Cork also recommended hardwoods (like ash and oak), which aren’t cheap but have the potential to last up to 20 years. Cheaper softwoods only last for up to five. Look for wood with Forest Stewardship Council (FSC) certification, as it has been responsibly harvested from a verified source. And if wood doesn’t spark your interest, bricks are an attractive alternative. Although, they do require some extra manual labour and a bit more experience in the garden.
Preparing the ground
First you must clear the area where you’d like to construct your flowerbed. Mark the dimensions on the ground, and saw the boards to the desired length, using guidance from the markings. Next dig a trench around the bed area in which to place your materials. Begin building your box by settling your boards or bricks into the trench vertically. Screw or nail the ends of the boards together to secure the frame of the box. Once the box is assembled, fill the first two layers of your flower bed with gravel and soil for better drainage. You can then fill the rest with soil and begin your planting. It’s also worth making sure you’ve gotten rid of any weed seeds, which can smother plants in a confined space. If you’d rather not pull weeds by hand, there are organic ways to get rid of them. ‘Spread well rotted organic matter, or black plastic, on beds or areas that aren't in use,’ Cork says. ‘The covering will smother weed seeds and prevent them from germinating.’
Once the bed is built, it and its contents have to be maintained. ‘Their raised position may mean your beds dry out more speedily than you'd like,’ says Cork. ‘Annually adding well-rotted organic matter can help with water retention, as can mulches and regular irrigation. Unlike your average patch of soil, they'll also have to be built. If moving timber around doesn't sound appealing, look into lighter weight kits made from recycled plastic. Remember that the higher you make them, the more soil you'll need.’ ‘If you have three or more raised beds, they provide the ideal opportunity to carry out crop rotation,’ adds Hunt. ‘This is where you move the crops from one bed to the next each year. Standard rotation patterns include potatoes, followed by legumes (peas and beans), onions and root vegetables, and then brassicas (cabbage, kale etc).'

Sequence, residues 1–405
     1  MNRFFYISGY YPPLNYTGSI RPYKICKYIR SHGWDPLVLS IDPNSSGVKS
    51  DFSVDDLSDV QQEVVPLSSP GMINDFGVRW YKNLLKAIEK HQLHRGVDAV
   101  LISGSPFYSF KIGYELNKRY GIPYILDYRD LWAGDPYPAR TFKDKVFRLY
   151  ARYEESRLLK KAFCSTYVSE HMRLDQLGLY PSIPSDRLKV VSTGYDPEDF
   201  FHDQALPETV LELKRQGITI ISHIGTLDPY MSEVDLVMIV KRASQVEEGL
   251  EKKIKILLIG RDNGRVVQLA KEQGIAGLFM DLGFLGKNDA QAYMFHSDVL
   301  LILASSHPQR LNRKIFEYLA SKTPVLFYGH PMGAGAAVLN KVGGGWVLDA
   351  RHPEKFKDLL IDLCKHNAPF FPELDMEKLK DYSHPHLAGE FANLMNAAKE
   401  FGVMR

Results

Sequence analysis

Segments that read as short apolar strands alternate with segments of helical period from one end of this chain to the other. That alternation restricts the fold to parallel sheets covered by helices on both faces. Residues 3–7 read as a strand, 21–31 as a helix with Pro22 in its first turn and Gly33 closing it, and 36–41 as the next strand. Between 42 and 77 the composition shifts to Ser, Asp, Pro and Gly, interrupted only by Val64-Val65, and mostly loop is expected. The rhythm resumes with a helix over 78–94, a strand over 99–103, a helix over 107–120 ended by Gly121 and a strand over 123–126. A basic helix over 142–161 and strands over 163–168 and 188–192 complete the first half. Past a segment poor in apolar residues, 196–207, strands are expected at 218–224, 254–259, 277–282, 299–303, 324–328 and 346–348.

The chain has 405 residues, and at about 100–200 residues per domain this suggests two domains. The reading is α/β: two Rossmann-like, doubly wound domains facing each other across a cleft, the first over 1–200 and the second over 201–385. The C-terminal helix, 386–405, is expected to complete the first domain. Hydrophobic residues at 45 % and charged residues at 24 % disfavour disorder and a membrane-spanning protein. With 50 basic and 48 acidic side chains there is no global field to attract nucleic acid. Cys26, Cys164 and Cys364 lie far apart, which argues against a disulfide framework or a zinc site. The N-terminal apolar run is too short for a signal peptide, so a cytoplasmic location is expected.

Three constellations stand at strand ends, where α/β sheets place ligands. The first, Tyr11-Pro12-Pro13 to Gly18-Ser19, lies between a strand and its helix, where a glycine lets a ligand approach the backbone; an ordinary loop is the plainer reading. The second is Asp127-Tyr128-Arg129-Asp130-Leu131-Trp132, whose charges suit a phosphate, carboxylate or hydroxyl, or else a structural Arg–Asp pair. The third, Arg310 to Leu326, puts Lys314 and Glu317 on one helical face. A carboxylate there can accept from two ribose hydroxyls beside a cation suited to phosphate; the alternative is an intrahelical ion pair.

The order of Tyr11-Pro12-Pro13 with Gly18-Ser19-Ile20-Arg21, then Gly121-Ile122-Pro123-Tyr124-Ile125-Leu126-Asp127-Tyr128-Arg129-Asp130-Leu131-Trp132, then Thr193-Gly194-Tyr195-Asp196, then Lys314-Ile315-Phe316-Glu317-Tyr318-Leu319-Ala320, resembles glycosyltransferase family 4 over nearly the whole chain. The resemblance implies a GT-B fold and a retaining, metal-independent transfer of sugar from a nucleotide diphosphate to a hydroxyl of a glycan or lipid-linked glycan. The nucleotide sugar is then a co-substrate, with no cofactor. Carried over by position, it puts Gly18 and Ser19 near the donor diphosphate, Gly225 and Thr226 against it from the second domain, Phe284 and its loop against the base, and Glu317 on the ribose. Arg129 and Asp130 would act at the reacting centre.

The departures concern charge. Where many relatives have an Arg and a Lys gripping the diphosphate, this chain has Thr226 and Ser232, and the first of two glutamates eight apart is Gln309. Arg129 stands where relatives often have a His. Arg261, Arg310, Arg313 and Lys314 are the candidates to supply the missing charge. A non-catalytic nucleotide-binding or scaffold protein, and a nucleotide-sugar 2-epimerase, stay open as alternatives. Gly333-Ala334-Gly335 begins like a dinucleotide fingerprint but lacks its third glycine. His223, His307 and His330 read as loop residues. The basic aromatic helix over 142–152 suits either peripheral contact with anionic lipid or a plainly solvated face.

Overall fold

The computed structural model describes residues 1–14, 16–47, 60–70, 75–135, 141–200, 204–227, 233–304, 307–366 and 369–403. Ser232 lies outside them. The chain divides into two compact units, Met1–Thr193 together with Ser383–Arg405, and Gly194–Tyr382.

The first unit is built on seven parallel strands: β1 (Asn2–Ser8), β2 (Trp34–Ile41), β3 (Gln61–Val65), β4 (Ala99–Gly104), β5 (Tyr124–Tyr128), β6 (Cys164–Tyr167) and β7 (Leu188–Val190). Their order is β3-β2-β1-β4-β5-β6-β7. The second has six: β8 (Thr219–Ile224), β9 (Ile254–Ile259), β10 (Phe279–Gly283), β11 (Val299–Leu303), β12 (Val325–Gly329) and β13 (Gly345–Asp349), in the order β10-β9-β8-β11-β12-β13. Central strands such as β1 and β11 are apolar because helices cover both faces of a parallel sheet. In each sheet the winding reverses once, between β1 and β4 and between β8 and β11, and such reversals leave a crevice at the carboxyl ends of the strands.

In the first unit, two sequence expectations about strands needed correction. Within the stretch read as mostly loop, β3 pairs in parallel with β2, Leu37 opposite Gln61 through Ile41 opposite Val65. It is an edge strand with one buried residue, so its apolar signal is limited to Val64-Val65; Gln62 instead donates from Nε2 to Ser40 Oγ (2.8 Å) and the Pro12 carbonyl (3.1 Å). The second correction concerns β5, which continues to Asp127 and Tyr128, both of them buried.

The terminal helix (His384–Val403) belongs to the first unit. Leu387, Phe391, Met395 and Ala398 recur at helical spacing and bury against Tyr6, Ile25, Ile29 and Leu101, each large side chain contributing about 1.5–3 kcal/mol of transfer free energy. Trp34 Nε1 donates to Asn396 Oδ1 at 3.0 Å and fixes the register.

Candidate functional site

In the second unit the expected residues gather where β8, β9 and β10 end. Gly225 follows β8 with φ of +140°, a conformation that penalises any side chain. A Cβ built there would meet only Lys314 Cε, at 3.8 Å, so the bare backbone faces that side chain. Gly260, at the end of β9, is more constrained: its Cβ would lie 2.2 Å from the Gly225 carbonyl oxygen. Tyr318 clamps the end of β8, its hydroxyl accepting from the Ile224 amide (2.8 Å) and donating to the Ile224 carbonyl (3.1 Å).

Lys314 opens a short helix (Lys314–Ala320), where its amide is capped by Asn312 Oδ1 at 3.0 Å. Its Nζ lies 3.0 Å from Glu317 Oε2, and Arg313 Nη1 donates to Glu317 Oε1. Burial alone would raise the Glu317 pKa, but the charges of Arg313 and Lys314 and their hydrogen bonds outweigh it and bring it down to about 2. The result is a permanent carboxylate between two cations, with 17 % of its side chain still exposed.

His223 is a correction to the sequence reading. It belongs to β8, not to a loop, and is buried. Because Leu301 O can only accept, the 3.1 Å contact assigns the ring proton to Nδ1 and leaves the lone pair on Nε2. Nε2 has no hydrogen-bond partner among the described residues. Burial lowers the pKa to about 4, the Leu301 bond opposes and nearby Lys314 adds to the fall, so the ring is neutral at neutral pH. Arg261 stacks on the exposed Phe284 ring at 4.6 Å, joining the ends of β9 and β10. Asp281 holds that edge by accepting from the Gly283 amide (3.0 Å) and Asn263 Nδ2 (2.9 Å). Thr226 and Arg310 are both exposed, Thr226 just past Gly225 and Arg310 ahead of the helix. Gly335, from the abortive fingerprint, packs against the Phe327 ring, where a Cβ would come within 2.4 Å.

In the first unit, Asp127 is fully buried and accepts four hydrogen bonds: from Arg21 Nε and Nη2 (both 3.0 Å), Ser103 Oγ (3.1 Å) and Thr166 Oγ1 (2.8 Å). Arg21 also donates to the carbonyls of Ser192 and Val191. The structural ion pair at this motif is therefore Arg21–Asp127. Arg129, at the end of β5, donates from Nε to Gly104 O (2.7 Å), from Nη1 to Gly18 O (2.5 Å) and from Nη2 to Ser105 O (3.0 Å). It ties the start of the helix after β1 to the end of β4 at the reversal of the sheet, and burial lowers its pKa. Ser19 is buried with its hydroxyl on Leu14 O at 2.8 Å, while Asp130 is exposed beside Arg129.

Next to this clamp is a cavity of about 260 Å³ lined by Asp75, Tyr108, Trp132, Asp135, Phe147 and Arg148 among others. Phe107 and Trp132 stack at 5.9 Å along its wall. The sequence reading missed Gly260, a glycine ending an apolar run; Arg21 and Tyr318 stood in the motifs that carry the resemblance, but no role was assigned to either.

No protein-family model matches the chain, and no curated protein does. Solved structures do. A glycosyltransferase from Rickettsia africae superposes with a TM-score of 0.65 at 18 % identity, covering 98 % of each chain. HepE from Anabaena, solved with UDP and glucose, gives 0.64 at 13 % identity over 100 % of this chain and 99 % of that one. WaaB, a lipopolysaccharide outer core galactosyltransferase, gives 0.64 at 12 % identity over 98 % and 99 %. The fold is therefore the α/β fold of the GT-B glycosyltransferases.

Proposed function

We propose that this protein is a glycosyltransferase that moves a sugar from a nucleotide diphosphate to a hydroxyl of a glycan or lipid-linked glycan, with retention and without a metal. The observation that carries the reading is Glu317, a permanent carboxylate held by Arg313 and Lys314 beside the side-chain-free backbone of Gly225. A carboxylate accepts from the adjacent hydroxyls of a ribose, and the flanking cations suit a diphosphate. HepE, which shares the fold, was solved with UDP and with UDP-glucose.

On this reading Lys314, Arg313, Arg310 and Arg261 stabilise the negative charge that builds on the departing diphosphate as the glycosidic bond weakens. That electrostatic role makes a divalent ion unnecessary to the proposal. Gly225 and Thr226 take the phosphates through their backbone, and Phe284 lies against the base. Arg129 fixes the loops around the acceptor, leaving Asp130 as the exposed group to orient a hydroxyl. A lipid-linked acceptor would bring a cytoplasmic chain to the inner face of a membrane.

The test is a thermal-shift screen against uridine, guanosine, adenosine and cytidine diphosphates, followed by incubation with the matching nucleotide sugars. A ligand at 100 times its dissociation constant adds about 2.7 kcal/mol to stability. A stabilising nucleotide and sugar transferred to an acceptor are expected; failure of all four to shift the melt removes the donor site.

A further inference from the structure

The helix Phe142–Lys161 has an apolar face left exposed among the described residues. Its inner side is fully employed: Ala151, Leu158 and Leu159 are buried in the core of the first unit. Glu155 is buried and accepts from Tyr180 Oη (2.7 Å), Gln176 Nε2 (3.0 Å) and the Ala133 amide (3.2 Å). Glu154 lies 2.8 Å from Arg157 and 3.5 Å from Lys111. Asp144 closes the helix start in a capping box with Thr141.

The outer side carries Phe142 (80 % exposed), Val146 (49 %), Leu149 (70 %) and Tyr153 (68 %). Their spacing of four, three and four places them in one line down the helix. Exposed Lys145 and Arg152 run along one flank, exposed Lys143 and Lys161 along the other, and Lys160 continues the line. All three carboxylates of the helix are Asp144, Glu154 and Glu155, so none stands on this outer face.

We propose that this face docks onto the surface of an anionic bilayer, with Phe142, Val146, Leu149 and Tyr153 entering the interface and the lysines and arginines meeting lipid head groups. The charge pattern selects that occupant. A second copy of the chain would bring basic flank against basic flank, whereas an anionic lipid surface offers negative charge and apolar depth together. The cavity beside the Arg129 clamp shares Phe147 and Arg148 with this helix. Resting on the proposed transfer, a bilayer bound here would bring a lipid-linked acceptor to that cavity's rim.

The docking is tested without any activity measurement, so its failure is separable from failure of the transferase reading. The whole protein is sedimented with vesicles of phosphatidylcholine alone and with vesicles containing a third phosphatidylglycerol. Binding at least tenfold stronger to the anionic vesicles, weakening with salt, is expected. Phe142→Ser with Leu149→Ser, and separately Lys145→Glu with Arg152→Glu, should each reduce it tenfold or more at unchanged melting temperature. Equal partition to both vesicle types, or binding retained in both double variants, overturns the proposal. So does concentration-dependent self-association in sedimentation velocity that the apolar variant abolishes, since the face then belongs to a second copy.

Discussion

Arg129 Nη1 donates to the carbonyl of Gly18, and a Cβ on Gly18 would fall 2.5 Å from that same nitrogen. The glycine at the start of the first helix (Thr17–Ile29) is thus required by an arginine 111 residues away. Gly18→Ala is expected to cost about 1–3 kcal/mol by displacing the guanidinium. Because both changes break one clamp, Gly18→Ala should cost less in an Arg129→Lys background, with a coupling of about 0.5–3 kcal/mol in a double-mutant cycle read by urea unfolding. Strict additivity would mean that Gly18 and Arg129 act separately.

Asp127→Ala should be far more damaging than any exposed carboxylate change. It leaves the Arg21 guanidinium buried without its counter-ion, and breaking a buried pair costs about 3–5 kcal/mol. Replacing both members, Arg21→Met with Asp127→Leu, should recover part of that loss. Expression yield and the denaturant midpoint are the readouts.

Elevating your flowerbeds also means you can grow your plants earlier in the year as raised beds drain better than ground level plant beds. And if you cover your beds with plastic earlier in the year (February/March), the soil will warm up more quickly and enable you to get a head start on your gardening.